Teenagers seeking an abortion would need to get consent from a parent or legal guardian under a bill that will get its first hearing in the Florida Senate next week.
The Senate Health Policy Committee is scheduled to hear the parental-consent bill (SB 404), sponsored by Lakeland Republican Sen. Kelli Stargel, on Tuesday.
The “Parental Consent for Abortion Act” would require a doctor to obtain written consent from a parent or legal guardian before terminating a pregnancy of a woman under the age of 18.
The legislation has an exception for medical emergencies and creates a process where a judge can waive the consent requirement.
The Senate hearing, two months before the 2020 session begins in mid-January, is another sign that the Legislature is fast-tracking a bill restricting reproductive rights for women.
Proponents believe if Gov. Ron DeSantis, as expected, signs the legislation into law it will set up a test case before the reconfigured Florida Supreme Court, which is now dominated by conservative justices.
In 1989, the state Supreme Court struck down a prior parental-consent law, ruling the measure was unconstitutional under the unique privacy protections in the Florida Constitution.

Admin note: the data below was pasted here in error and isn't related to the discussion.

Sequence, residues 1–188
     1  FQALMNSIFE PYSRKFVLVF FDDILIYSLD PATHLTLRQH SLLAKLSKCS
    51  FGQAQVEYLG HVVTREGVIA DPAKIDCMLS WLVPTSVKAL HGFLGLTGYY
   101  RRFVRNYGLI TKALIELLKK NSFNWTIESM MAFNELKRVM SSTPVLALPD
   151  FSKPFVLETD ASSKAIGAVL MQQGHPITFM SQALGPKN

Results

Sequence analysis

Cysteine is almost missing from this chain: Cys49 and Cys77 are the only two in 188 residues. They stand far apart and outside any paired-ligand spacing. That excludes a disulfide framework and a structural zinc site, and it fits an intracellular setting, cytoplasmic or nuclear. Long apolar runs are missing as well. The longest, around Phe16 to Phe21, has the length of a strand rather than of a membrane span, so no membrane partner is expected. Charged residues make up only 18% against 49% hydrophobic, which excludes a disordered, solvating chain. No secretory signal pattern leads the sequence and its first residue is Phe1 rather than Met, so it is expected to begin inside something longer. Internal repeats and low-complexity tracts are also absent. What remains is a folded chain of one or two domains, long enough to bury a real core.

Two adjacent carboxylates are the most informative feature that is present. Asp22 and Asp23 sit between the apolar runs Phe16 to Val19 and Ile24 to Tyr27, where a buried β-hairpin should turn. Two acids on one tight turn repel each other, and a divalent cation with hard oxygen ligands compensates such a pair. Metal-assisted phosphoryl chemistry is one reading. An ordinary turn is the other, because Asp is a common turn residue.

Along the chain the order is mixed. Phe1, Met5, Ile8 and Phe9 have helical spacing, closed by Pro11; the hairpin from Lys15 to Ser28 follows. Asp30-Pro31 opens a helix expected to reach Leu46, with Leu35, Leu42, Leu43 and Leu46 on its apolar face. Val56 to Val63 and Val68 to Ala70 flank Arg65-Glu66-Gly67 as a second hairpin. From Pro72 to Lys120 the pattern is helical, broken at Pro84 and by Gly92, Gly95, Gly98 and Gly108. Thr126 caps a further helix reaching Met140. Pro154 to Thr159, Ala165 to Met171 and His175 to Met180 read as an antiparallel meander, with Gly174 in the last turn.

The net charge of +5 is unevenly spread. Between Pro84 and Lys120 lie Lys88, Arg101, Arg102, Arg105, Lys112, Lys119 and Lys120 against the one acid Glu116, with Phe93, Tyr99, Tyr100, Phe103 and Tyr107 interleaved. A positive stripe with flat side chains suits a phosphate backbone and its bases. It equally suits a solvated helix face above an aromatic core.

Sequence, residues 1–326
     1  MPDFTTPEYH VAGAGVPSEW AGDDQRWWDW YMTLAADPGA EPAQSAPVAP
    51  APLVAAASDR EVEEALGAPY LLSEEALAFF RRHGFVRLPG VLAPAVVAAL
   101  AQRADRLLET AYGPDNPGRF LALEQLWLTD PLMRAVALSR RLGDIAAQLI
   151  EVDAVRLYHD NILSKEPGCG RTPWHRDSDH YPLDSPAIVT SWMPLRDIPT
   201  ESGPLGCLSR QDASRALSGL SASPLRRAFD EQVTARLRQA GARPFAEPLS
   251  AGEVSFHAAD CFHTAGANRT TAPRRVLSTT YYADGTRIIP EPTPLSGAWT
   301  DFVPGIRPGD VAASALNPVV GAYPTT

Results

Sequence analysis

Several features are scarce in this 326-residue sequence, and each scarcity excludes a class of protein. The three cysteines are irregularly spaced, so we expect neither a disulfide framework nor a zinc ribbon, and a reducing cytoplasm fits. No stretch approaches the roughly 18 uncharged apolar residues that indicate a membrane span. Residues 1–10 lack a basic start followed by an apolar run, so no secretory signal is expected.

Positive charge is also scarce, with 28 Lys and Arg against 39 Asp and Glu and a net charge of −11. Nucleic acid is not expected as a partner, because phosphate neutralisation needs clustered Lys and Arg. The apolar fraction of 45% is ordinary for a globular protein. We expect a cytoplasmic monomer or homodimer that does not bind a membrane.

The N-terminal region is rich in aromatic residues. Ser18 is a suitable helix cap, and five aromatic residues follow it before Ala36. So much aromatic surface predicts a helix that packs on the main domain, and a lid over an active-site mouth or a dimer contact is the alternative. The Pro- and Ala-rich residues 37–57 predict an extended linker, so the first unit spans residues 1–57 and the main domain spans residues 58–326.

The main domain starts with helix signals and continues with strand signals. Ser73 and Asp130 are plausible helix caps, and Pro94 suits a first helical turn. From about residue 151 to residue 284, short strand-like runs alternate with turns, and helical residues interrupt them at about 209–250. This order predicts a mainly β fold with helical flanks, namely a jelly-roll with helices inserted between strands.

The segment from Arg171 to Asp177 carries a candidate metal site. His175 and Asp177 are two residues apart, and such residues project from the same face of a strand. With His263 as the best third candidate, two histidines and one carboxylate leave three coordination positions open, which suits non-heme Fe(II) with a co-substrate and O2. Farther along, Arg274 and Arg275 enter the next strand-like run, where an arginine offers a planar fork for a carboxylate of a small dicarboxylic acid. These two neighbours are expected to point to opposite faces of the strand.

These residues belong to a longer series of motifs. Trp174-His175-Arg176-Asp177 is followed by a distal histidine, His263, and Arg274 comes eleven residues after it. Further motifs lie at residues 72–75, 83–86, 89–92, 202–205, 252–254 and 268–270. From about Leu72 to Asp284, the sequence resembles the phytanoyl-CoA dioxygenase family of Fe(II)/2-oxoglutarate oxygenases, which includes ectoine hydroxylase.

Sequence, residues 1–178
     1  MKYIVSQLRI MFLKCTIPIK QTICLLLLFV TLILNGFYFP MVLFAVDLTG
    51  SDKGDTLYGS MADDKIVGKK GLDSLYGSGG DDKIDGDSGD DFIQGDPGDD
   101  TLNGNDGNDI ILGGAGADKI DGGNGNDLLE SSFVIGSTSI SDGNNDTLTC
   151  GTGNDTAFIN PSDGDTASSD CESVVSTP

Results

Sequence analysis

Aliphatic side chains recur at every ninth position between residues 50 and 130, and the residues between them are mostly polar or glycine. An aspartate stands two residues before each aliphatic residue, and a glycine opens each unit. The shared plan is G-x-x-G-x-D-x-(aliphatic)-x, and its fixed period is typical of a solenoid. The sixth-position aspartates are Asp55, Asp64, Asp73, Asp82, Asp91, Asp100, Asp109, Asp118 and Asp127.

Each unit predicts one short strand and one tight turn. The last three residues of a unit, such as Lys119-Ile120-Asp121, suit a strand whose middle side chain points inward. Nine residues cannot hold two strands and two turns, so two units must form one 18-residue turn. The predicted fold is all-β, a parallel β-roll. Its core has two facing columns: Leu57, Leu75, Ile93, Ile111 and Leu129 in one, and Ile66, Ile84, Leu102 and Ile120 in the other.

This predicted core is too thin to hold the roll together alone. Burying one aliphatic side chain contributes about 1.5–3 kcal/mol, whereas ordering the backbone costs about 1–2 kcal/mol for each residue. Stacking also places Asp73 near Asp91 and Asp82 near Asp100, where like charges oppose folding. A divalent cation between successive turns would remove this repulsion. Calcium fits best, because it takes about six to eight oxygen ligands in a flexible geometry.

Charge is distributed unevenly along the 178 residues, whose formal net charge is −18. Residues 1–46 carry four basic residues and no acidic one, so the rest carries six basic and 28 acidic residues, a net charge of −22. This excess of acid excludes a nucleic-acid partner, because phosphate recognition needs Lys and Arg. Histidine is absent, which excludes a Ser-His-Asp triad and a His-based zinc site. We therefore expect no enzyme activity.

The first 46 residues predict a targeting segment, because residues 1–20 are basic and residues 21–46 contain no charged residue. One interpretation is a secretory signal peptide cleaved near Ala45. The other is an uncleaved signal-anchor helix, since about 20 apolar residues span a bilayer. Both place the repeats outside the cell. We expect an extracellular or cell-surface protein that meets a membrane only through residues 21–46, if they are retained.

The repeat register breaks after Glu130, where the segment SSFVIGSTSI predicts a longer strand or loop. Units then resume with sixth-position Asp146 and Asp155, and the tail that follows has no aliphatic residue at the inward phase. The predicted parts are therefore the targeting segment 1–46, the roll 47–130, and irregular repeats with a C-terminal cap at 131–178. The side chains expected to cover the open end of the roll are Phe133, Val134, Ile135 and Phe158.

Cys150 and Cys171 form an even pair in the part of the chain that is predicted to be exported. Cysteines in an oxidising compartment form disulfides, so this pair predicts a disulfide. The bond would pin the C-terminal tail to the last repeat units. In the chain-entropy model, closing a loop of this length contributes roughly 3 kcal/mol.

Opponents believe the new attempts to pass a parental-consent law remain unconstitutional under the state Constitution.
“It is an undue burden on a young woman’s constitutional right to determine for herself whether and when to become a parent,” Kara Gross, the legislative director and senior policy counsel for the American Civil Liberties Union of Florida, testified before a House committee last month. “No child should be forced to have a child against her will. There is no greater governmental intrusion.”
The Florida House of Representatives is ready for a floor vote on its parental-consent bill (HB 265). The bill only faced a single committee review in the House and it passed the Health and Human Services Committee in a 12-6 vote last month.
In the 2019 session, the House voted 69-44 for a parental-consent bill.
The Senate bill must pass three committee before it can be scheduled for a floor vote. If the Senate health panel approves the bill next week, it will face subsequent hearings before the Senate Judiciary and Rules committees.
Last year, the Senate Health Policy Committee approved a parental-consent bill in a 5-4 vote. But the legislation never received another hearing in the Senate.
In the Associated Press legislative planning session last month, Senate President Bill Galvano, a Bradenton Republican, told reporters he supports the parental-consent bill.